Introspection: a looking into one’s own mind, feelings, reactions, etc.; observation and analysis of oneself.
Morbid: having, or caused by disease; unhealthy, diseased.
It is good to check up on ourselves from time to time to see if we are tolerating some major blind spot or nursing along some grudge or other. But there is a way of self-examination that is unhealthy, that dwells on self to the exclusion of others.
If we are conducting a little spiritual check up on ourselves and being mighty pleased with what we see, patting ourselves on the back and congratulating ourselves and giving ourselves a high five, then we may be prideful, wouldn’t you say? That’s pretty straight forward. But what if we are checking up on ourselves and bemoaning the fact that we are wicked and bad and big fat failures and no goods and losers? Isn’t that essentially the same thing? Both are self-absorbed. And whether it is positive pride or negative pride, both are self-centered.
The essence of pride is self-absorption; it is all about me, me, and me some more. Whether it is positive or negative, pride is what is at the bottom.
When my kids were little and I fell into bed at night exhausted, I sometimes would give way to the ol’ “I’m such a terrible mother” routine. As I was lying there waiting to drift off, I would think about how I should have read that story one more time. How I should have done this and that and not done something else. Pretty soon I would just feel like the worst mom ever. My dear husband would say something practical like, “If you sinned, confess it. If you didn’t, go to sleep!” Very sound advice. In the bright morning light, over a cup of coffee, I might revisit my thoughts about my mothering and decide that I wasn’t such a horrible mom after all. Pretty good in fact! I learned that after ten o’clock at night, I was not such a good judge of my mothering (or anything else).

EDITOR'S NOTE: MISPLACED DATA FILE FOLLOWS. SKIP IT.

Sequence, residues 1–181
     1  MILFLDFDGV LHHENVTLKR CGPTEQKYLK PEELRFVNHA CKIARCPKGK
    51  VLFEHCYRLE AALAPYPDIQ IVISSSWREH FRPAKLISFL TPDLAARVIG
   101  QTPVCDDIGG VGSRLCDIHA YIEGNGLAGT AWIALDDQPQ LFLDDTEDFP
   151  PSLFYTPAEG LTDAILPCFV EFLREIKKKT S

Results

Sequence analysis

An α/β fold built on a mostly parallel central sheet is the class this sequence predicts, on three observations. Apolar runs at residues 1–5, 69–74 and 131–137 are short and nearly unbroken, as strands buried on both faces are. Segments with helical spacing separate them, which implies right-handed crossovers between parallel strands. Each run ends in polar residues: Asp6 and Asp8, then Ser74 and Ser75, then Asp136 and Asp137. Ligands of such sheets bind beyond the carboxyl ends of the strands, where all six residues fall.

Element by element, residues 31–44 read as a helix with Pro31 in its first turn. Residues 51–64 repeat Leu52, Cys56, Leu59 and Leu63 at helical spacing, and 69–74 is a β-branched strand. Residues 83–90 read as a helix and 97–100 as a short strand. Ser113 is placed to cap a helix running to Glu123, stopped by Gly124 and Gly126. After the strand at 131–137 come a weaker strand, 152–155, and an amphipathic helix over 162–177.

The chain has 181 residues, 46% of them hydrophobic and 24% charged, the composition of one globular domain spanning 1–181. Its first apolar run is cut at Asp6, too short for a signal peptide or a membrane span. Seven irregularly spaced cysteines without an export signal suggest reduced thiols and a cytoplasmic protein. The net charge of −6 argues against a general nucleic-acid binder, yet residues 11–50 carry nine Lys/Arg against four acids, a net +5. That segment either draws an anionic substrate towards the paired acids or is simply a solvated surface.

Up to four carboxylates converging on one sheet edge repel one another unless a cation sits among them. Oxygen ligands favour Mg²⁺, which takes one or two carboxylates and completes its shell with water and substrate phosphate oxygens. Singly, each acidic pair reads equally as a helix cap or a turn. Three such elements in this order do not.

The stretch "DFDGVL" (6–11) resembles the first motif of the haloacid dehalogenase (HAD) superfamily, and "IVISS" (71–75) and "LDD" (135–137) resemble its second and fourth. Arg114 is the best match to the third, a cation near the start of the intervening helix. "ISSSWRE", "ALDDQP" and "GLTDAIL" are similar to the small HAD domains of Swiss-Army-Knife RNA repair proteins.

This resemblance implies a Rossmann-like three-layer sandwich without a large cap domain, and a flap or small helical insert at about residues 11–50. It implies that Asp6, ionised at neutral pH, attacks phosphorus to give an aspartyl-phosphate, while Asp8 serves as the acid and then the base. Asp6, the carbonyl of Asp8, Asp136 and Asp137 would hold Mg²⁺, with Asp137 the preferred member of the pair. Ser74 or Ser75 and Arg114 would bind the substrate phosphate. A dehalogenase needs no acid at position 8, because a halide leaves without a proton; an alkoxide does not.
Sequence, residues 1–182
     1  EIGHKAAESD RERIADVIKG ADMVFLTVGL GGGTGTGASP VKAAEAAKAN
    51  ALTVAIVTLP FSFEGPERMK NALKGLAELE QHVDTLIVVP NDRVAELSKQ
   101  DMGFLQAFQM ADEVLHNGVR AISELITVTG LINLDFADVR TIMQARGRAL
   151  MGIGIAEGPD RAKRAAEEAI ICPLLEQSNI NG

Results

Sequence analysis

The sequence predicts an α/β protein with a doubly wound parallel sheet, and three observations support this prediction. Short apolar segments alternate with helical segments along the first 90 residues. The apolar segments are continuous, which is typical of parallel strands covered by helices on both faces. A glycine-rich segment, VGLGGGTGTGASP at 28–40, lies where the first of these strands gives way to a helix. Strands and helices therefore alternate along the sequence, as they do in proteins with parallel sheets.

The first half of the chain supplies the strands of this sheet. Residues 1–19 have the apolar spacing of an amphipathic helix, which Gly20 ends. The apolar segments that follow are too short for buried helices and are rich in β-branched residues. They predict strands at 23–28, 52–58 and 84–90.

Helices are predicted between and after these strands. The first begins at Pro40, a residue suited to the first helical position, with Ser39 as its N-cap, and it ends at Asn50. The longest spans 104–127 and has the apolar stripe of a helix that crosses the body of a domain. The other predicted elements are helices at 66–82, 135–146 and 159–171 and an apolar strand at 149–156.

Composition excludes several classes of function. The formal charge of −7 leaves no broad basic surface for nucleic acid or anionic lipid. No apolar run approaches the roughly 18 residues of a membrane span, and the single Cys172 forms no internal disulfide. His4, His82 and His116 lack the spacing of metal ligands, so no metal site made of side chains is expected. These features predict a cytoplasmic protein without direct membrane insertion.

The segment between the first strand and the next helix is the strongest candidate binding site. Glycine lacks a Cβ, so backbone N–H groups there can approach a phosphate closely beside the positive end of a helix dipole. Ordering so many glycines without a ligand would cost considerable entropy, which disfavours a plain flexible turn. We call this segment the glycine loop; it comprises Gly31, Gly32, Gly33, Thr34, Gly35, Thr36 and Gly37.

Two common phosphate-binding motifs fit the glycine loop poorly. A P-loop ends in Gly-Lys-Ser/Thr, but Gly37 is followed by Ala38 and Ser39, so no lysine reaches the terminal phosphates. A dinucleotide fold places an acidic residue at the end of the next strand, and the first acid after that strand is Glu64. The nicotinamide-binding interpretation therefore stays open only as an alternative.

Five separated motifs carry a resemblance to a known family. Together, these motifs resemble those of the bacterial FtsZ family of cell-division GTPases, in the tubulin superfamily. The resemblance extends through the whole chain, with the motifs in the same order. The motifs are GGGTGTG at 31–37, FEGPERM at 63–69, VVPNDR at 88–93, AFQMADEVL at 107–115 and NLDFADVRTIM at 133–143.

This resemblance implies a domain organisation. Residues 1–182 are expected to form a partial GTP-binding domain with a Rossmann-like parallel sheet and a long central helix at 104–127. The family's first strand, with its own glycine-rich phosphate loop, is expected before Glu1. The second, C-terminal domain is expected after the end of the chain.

Morbid introspection delights in finding faults, and goodness knows we all have plenty to keep ourselves entertained if that is what we want to do. While a little bit of godly self-examination will keep us humble, morbid introspection paralyzes and discourages us. It is not fruitful.
The Holy Spirit convicts us of specific sins, like snapping at Johnny with annoyance. The accuser has another agenda all together, and accuses us of “being a bad mom” or “being a bad friend” or whatever. You can repent of snapping at Johnny, but how do you repent of being a bad friend? What specific duty did you neglect? Accusations of this sort are usually muddled and general and designed to confuse and disable. False guilt never goes away, even after confession. Real guilt can be dealt with, cleansed, forgiven, and put away for good.
So, if you are “listening” to a lot of bum dope about what a punk you are, you need to start ignoring such stuff and change the station. Learn to recognize the difference between accusations and real conviction of sin. If you are God’s child, ask Him to do the examination. He is much better at it.
Ps. 26:2 Examine me, O LORD, and prove me; Try my mind and my heart.